Friday 2 November 2018

The Battle of the River Plate

To conclude the current round of WW2 Air and Naval Warfare, a nice simple sea battle beckoned. The Battle of the River Plate was always on the 'to do' list so I decided now would be a good time to tick this one off.

The ships used are 1/3000 scale from Navwar and General Quarters 3 rules used. The first sighting of Graf Spee was at a little over 20,000 yards, which at 1cm = 100 yards was just a little longer than the 6' (180cm) table I had planned to use. One turn of movement at a little over cruising speed would have brought them within my 18,000 yard limitation.

I therefore started the game on move 2 and gave the main batteries of Graf Spee one turn of fire before starting the game proper.

So this was the situation just prior to the salvo from Graf Spee. I decided to start the game using something approaching the tactics within the actual battle which seemed the most logical move to make. On the right the Ajax (left) and Achilles break away from Exeter to split Graf Spee's fire.  

Continued -

Graf Spee's opening salvo on Exeter proved to be extremely accurate knocking out 'A' turret and a hull box.

The next turn saw all ships accelerating towards each other.

Exeter and Ajax opened fire on Graf Spee but failed to score any hits.

The Exeter was not so lucky. Two more hits knocked out a 4" gun turret but more importantly suffered damage to Engineering reducing it's speed.

With only its forward turret able to fire on Exeter, the Graf Spee fired its aft 11" turret on Ajax along with its port 5.9" batteries but no hits were scored.

Ajax and Achilles had to close the distance rapidly to enable their 6" guns to penetrate Graf Spee's armour. Here Ajax takes the lead continually accelerating as Achilles moves to take position astern. 

In the damage control phase, the Exeter successfully repaired the engineering damage returning to full speed.

Graf Spee bracketed by fire from all 3 Royal Navy ships. Ajax scores two hits with one shell failing to penetrate the armour of the forward 11" gun turret but the second successfully destroys a 5.9" gun mount.

Ajax finds itself on the receiving end of Graf Spee's fire but again escapes unscathed.

Graf Spee is hit losing a hull box and a 4.1" gun mount as it fires on Exeter.

Exeter fires a salvo which proves to be it's last as 11" shells, already in the air, pour down on and around the vessel. Both it's remaining 8" turrets are destroyed leaving just it's port 4" turret still operational. Almost in an act of desperation, Exeter empties it's 3 starboard torpedo tubes all of which miss.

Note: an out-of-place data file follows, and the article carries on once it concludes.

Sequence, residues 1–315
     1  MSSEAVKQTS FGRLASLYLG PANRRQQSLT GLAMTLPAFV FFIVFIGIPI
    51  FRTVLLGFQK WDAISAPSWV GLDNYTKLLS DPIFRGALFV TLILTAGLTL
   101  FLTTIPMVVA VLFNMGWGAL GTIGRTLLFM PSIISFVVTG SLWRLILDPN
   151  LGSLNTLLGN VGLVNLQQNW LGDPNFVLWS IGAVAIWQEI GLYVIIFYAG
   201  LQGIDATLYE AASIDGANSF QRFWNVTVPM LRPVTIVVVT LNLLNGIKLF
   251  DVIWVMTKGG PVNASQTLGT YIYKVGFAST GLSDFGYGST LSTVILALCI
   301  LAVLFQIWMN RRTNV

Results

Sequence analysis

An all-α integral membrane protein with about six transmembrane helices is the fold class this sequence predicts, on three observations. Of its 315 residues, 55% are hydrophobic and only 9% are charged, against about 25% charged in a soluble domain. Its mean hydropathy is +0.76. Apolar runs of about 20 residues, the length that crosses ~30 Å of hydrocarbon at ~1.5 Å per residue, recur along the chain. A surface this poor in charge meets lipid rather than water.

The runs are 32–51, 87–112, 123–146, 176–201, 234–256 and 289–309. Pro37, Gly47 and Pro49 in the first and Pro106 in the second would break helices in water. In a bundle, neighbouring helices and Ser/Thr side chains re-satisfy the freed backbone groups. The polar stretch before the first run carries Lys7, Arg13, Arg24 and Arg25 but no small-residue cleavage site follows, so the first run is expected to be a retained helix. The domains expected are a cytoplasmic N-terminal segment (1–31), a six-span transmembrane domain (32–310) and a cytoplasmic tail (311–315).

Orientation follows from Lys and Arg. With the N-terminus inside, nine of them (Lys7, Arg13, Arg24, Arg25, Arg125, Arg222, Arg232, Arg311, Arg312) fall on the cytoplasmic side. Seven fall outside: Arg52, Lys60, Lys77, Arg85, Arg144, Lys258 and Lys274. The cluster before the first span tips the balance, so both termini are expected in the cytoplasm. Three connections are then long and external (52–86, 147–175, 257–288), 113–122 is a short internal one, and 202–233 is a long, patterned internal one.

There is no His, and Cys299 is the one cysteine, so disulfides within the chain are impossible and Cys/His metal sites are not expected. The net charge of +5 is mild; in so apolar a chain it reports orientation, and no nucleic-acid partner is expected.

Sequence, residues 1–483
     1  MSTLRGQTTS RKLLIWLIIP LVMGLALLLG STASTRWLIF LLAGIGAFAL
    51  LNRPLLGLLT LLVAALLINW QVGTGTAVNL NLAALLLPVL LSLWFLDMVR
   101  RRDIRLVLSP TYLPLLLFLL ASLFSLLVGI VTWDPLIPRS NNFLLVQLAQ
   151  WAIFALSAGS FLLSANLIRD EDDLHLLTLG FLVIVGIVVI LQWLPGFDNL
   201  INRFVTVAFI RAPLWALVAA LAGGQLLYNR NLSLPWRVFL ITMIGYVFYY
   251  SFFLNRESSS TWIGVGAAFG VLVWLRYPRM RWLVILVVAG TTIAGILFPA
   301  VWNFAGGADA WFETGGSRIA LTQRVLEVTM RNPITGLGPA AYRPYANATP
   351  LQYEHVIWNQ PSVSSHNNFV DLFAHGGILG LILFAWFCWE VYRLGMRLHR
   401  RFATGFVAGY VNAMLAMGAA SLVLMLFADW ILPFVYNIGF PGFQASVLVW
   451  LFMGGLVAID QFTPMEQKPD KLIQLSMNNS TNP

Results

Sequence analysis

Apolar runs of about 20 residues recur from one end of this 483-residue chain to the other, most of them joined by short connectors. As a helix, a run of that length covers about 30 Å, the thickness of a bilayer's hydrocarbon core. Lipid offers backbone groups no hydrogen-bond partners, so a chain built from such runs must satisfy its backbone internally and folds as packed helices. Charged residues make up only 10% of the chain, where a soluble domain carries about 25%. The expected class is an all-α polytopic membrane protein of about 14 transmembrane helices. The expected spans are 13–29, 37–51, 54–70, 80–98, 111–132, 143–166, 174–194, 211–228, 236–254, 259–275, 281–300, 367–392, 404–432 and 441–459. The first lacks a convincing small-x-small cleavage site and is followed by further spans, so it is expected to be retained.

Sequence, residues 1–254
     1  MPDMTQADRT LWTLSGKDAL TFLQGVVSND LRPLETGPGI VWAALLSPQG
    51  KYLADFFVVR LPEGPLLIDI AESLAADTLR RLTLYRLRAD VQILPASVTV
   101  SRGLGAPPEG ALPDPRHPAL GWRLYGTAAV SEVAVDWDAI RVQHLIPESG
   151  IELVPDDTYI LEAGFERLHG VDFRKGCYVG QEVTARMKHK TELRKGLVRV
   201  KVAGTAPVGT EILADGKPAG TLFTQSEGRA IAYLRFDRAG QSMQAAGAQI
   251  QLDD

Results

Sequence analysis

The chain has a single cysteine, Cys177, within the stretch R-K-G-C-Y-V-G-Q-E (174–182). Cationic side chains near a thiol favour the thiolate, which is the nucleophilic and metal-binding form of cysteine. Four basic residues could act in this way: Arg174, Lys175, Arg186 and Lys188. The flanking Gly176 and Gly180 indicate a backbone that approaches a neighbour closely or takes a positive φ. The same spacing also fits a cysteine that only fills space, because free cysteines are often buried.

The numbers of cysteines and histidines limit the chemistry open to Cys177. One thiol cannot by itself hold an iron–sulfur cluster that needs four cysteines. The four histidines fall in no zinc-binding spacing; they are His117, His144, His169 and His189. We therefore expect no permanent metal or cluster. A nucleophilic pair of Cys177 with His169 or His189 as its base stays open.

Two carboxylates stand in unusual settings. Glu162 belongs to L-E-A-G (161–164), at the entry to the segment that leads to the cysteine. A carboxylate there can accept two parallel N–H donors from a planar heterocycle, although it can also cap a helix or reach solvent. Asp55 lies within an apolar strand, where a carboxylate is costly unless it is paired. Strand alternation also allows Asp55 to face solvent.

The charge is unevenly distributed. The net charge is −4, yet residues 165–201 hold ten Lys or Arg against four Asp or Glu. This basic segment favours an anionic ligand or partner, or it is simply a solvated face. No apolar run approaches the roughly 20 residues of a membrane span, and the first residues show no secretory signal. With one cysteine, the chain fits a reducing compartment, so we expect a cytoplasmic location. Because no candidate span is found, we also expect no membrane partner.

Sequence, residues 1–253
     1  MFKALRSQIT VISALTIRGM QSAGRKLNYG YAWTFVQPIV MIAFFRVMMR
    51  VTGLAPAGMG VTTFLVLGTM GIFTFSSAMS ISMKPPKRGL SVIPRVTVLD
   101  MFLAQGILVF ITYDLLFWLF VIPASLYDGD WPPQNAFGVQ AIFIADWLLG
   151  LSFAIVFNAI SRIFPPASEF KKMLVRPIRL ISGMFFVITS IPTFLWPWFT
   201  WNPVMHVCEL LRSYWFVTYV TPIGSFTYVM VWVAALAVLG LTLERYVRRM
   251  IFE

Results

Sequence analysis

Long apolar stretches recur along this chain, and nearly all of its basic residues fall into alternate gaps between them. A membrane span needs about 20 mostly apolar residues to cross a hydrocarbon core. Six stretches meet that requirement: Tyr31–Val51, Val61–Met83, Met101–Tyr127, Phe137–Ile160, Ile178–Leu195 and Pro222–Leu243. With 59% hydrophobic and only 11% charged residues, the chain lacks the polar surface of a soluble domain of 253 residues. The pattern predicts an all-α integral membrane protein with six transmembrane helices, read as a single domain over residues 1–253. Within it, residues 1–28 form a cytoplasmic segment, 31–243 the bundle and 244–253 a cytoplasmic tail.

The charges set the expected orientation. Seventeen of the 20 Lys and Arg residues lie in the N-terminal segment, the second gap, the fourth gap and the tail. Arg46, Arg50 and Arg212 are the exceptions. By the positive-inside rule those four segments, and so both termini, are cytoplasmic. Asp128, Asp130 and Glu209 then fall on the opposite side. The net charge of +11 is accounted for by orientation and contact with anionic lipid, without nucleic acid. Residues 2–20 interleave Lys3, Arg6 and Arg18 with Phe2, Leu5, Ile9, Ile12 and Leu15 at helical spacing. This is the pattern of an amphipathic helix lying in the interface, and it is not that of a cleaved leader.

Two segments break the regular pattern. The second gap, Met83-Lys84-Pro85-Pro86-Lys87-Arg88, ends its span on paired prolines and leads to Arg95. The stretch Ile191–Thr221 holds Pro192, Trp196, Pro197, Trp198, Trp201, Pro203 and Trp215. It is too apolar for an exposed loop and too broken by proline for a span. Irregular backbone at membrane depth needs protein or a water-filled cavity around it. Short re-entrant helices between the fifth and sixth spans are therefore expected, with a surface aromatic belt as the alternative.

Exeter's 8" shells rain down on Graf Spee knocking out another 5.9" turret. 

Ajax leading Achilles race towards Graf Spee at their maximum speed of 32 knots. With Exeter silenced, Graf Spee turns its attention towards Ajax knocking out it's port 4" gun mount and a hull box.

Exeter makes a full 180 degree turn bringing it's port 4" guns and torpedo tubes to bear.

Ajax and Achilles have dramatically closed the gap and are now in effective 6" gun range. A fact not lost on Graf Spee who again hits Ajax destroying 'Y' turret and 2 more hull boxes.

Ajax and Achilles take maximum advantage of being in armour penetrating range of their 6" guns and use rapid fire to target Graf Spee. Their fire proved devastatingly accurate knocking out both 11" turrets and the remaining 5.9" turrets. Graf Spee had effectively been disarmed. It failed a subsequent morale test meaning it would attempt to break off contact and head for home.

I finished the game at this point. Although only the Achilles was in a good enough condition to pursue the Graf Spee, the latter would have been hopelessly outgunned. I declared this to be a victory for the Royal Navy. 

On reflection, the Graf Spee should have done its best to maintain its distance from Ajax and Achilles using its heavier 11" guns to pick them off at long range. I underestimated how damaging the 6" guns could have been when in effective range. Not so much the calibre but more the number of barrels being brought to bear. 16 to Graf Spee's 6. That was partially cancelled out by the increased amount of damage an 11" shell causes compared to 6".

The game lasted 6 turns. A brief but enjoyable action.


  1. It started so well for Graf Spee. I like this small engagement because it has a small order of battle and is so replayable.

    1. With the early success I thought Graf Spee was heading for victory and it was unlucky to lose its 11" guns when it did. An enjoyable little action.

  2. I first heard of the Battle of the River Plate over 50 years ago, and read a book on it. The expression 'pocket battleship' was in vogue it the time, which tended rather to exaggerate the capabilities of that class of vessel. Over the years since I have discovered that the armour of these vessels was fairly comparable to any heavy cruiser: it was the 11-inch guns (complemented by the 5.9s) that made the difference. It seems to me that the single German against the three British were probably a fairly even match. That makes it a very interesting ship action to fight.

    1. I agree, this could easily have gone the other way. GQ3 gives Graf Spee a 'CA' classification compared to 'CL' for the 3 British cruisers.

  3. An interesting outcome and something to think about. I've played the same scenaroom before and with a similar result. You're right about the range factor being the key to Graf Spee knocking off or crippling one ship at a time, while staying relatively undamaged. The only problem is prioritising Exeter first which almost always means the light cruisers get close enough to inflict sufficient hits to force a withdrawal, especially if the main turrets get knocked out.

    1. Thanks Jim. Not an easy one for Graf Spee with all 3 British cruisers able to outpace it.

  4. An interesting action and tactical puzzle.